Yahoo Sports is previewing all 32 teams as we get ready for the NFL season, counting down the teams one per weekday in reverse order of our initial 2021 power rankings. No. 1 will be revealed on Aug. 4, the day before the Hall of Fame Game.
While acknowledging Deion Sanders, Jeff Van Note, Tommy Nobis and some others, Julio Jones is probably the greatest Atlanta Falcons player. Matt Ryan might be No. 2.
The Falcons got caught a bit flat-footed this offseason. Jones asked for a trade. That request came in March, according to the Atlanta Journal-Constitution. A great relationship had just come to its end.
"There was nothing toward football, it’s business," Jones said, via the AJC. "So, you just had to accept whatever happens, happens. Like I said, it was a mutual agreement on it. We just split up."
At that point, the Falcons had to make some hard decisions. They could have played hardball with Jones, who had a $15.3 million base salary for 2021. Or they could have traded Jones, Ryan and steered the franchise in a whole new direction. They chose the latter. Kind of.
Ryan remains. He turned 36 in May, with just enough years left to help a team in need (that would be the Denver Broncos on line one) but perhaps not enough to still be in his prime at the end of a rebuild. The Falcons had the fourth overall pick in a deep quarterback draft class. The reset button was right in front of them, and it would have made sense if they pushed it once they decided to trade Jones. Ryan is a former MVP and a very good quarterback; the Falcons presumably could have gotten a good amount back in a trade and banked a lot of salary cap space after taking one huge dead cap hit. They also have a new coach and GM, Arthur Smith and Terry Fontenot, and so the timing would have made sense.
Instead, the Falcons kept Ryan and will try to make another run with him. They drafted tight end Kyle Pitts with the fourth pick, and he'll suck up a lot of the targets Jones leaves behind. There are still some major questions on the roster, like offensive line, No. 2 and 3 receiver, running back and all three levels of the defense. Things can turn fast in the NFL, for better or worse, but Atlanta doesn't seem like a team that will be a Super Bowl contender over the next few years. Never say never, but it seems unlikely. The Falcons went 7-9 for two straight seasons before 4-12 last season.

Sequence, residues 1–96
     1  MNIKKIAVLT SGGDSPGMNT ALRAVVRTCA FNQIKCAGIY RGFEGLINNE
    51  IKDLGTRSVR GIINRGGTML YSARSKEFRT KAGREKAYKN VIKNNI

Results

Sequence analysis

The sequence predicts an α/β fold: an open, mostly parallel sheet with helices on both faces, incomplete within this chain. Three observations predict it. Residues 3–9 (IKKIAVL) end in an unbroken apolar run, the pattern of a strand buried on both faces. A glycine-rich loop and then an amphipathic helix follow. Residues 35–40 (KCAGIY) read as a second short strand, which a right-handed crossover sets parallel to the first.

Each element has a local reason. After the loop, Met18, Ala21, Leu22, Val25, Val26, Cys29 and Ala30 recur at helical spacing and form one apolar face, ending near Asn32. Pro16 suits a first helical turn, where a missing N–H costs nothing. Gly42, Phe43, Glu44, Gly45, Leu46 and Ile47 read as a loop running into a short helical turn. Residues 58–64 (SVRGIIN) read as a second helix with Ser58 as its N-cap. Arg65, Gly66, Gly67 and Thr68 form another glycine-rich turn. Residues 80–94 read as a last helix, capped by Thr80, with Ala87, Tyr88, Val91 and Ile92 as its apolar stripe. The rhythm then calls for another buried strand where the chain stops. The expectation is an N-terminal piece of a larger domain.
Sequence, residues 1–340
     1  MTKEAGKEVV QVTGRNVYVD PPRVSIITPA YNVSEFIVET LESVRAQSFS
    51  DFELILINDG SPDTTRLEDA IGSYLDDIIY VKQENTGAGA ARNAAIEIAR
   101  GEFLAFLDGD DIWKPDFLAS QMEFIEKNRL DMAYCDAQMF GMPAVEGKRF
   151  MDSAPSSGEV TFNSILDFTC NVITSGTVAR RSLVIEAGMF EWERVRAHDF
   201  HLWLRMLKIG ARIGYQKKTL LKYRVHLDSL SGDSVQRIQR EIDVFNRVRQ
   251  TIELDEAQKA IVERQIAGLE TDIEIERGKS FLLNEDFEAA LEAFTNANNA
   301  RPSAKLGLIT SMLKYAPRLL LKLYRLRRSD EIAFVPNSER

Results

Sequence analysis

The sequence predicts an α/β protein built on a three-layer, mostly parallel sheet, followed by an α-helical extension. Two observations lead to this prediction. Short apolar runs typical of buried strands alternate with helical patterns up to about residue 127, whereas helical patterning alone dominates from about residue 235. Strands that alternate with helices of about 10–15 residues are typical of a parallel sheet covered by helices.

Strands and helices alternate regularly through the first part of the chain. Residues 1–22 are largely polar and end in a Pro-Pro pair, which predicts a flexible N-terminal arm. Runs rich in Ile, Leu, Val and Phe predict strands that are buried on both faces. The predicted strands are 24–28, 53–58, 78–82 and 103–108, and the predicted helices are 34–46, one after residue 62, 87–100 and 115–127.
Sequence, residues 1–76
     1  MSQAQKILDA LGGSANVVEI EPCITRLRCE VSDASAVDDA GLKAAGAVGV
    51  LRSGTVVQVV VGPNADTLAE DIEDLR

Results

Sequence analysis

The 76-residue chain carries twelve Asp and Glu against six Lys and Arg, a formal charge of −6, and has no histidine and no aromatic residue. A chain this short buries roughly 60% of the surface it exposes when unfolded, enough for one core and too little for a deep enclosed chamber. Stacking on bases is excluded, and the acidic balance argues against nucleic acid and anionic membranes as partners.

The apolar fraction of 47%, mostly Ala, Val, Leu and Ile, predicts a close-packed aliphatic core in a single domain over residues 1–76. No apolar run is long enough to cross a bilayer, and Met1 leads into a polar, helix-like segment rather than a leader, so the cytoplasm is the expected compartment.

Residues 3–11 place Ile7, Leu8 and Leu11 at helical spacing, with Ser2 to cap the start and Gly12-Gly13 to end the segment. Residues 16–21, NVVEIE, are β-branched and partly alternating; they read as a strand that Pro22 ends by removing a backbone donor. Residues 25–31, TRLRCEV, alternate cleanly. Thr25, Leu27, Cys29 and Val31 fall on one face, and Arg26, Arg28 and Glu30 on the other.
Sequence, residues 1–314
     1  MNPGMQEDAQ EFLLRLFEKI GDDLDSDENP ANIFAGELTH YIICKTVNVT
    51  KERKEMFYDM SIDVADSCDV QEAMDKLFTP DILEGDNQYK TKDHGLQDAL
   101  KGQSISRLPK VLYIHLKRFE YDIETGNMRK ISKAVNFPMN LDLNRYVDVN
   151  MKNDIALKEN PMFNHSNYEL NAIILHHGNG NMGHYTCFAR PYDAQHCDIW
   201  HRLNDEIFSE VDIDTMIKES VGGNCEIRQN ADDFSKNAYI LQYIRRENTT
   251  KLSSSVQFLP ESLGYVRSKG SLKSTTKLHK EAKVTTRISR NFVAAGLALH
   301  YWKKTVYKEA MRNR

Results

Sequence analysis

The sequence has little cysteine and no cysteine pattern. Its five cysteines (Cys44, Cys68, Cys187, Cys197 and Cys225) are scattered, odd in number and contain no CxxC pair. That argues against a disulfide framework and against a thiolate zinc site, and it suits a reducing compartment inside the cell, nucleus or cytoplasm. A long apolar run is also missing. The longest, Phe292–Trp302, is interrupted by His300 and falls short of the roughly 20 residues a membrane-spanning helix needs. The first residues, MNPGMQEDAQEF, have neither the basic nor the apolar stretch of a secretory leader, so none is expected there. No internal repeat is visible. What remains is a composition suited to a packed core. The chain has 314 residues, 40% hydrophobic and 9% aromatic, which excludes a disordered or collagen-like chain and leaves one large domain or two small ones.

Ryan carries on, trying to get back to a Super Bowl without his most talented teammate.
"He's been such a great player, he's a hell of a teammate. I love him," Ryan said before the trade was made, via NFL.com. "We'll see how things shake out, but he's probably impacted my career more significantly than any other player. I've been really fortunate to be around him for as long as I have."
Every situation is different. Jones, 32, is likely closer to the end of his prime than Ryan. Jones wanted out and the Falcons presumably didn't want an unhappy star around. Ryan plays quarterback, and that's a lot harder to replace than a receiver. There's also something to be said about a franchise hoping its greatest quarterback retires as a Falcon.
But it would have made sense for the Falcons to clean house and start over with a new rookie quarterback on a cheap contract. Moving on from Ryan and Jones in the same offseason would have been tough, but Atlanta could have drafted Justin Fields and had a lot of draft picks and cap space to rebuild the roster over the next couple years. Or drafted Pitts and used one of those future picks on a new quarterback after patching it together without Ryan this season.
The next few years will be telling. In a perfect world, the Falcons' new coaching staff takes a core of receiver Calvin Ridley, Pitts, linebacker Deion Jones and defensive tackle Grady Jarrett and helps Ryan make another deep playoff run, or maybe a couple of them. Either way, the full rebuild won't happen. At least not yet.
The Falcons got a 2022 second-round pick and 2023 fourth-round pick from the Tennessee Titans for Julio Jones, which has value but probably disappointed Falcons fans. Atlanta didn't have much cap room, due in part to still having Jones on the books, and didn't give any player more than $3 million per year in free agency. Kickoff returner Cordarrelle Patterson and running back Mike Davis (who played well last season with Carolina) were the biggest acquisitions. The Falcons saw a few key starters leave, like center Alex Mack and safeties Keanu Neal and Ricardo Allen. Tight end Kyle Pitts was the biggest addition of the offseason with the fourth pick, and the Falcons had a solid overall draft. Still, you can't overlook losing Jones, a future Hall of Famer.